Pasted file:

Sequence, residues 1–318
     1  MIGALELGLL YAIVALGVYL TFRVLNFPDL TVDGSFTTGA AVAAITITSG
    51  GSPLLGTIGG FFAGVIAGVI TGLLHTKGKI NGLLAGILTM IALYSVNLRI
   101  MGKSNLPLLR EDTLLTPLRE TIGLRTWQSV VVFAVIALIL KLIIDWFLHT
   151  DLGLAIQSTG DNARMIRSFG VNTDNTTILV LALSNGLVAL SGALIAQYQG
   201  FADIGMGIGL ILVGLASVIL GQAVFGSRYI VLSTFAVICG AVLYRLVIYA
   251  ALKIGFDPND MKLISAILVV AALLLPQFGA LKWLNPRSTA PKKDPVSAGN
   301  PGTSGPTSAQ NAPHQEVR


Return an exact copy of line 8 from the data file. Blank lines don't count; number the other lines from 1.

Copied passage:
   301  PGTSGPTSAQ NAPHQEVR